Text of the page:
Thursday, September 25, 2014

When to Pump Your Septic Tank

The single most important thing you can do to protect your health, your water well and your septic system is to pump out you septic tank. If solids from feces, toilet paper, garbage disposals or the grinder in the dishwasher build up to beyond about a third of the tank, they can be carried out to the drain field, drip field, sand mound or peat tanks and clog the system beyond recovery. Pumping your tank frequently would prevent this. Frequent pumping can extend the life of your septic system. I do not care how many boxes of granules or bottles of blue liquid you pour into your system; you still need to pump out your septic tank regularly.

Generally speaking the more frequently you pump your tank the longer your septic system will continue to function properly and the better it is for the environment and your health. The most likely cause of E. coli bacteria in your well is you own septic system. The nutrient pollution that feeds algae blooms, creates dead zones, or toxic algae threats to drinking water supplies is from fertilizers applied to crops and lawns, animal waste both domestic and agricultural and human waste from inadequately treated sewage from waste water treatment plant overflows and improperly maintained and operated septic systems. The U.S. Environmental Protection Agency, EPA, estimates that 25% of households in the United States depend on a septic system- and that adds up.

Back in the day and still in many parts of the country there were no requirements to pump your septic tank. Where I live in the here and now I am required by a local environmental regulation to pump my septic tank every 5 year. That might be just fine for my two person household with a big tank, but is woefully inadequate for my neighbor with 10 people in their household in addition to operating a home based business with employees. The estimated needed frequency for pump outs based on the size of septic tank and number of people appears below and is based on work done at Penn State University Extension. The U.S. Environmental Protection Agency would like to see all septic tanks pumped out every three years.


In reality how often a tank needs to be pumped depends on the size of the tank, the number of people living in the house and the habits of the people in the house and the types of soil in the drainfield. People who are home all day put more load on a house than those who work away from the home or go to school. Flushable wipes and other things flushed down the toilet add build up to the tank; they do not dissolve and disappear, despite packaging that says septic safe.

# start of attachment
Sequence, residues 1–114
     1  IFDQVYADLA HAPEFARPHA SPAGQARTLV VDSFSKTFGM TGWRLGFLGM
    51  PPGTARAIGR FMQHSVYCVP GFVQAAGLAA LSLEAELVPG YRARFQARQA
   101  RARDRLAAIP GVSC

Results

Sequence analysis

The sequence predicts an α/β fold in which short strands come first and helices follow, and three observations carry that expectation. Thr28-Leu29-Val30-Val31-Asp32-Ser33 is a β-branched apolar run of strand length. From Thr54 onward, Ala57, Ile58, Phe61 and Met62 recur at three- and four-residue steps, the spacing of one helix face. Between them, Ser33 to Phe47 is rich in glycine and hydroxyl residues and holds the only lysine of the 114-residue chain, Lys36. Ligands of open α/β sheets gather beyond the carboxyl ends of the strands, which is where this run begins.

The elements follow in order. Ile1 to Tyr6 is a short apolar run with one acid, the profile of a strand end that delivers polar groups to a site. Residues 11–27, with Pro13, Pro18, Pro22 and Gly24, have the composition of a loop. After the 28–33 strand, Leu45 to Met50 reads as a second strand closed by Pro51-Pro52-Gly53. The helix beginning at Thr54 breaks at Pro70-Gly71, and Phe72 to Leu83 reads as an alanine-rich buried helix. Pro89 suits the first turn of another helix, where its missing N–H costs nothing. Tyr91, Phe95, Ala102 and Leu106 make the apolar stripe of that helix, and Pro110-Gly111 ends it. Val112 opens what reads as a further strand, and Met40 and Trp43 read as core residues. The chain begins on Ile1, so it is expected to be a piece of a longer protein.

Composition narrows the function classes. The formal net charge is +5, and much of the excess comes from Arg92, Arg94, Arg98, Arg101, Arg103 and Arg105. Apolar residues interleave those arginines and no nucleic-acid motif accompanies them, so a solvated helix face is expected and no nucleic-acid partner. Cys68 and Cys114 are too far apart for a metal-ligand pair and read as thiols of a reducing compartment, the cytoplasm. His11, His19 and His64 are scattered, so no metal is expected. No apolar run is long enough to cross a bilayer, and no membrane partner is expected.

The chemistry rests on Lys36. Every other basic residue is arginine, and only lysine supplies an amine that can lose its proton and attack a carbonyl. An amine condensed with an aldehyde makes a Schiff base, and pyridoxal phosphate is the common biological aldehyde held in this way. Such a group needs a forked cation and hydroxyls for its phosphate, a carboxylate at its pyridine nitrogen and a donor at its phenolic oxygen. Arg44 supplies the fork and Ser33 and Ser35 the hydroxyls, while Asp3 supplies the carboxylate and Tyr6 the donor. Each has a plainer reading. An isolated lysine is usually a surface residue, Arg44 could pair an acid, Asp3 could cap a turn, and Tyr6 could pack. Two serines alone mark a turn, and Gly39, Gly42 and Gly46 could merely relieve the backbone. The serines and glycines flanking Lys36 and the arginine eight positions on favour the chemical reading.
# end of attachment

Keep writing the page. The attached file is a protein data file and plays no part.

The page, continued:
Having a garbage disposal that is used is the equivalent of having another person or two living in the house. The garbage disposal works by grinding up food scraps. Though some of these materials can be broken down by bacterial action, because the food is not predigested like human waste it is mostly inert and either sinks to the bottom of the tank and will have to be pumped out, or remains in suspension and is carried over to the drainfield or other final treatment and ultimately clogs the system. The same is true for the grinders in dishwashers. If you do not have to clean out the filter, then it’s in your septic tank.

Water softeners are another potential problem. Water softening systems work by using a salt solution to start the ion exchange with the calcium carbonate and magnesium. The softener has to be back washed to regenerate the ion exchange medium and the system flushes pounds of the used salt in the 15-30 gallons of the backwash solution into the septic system. Septic service companies that belong to the Small Flows Clearinghouse have reported observed negative impact from water softening regeneration brines including pipes clogged by a “noxious fibrous mass” only reported in homes with softening systems and deterioration on the permeability of the drainfield or other septic dispersion system.

It is SepticSmart Week. 

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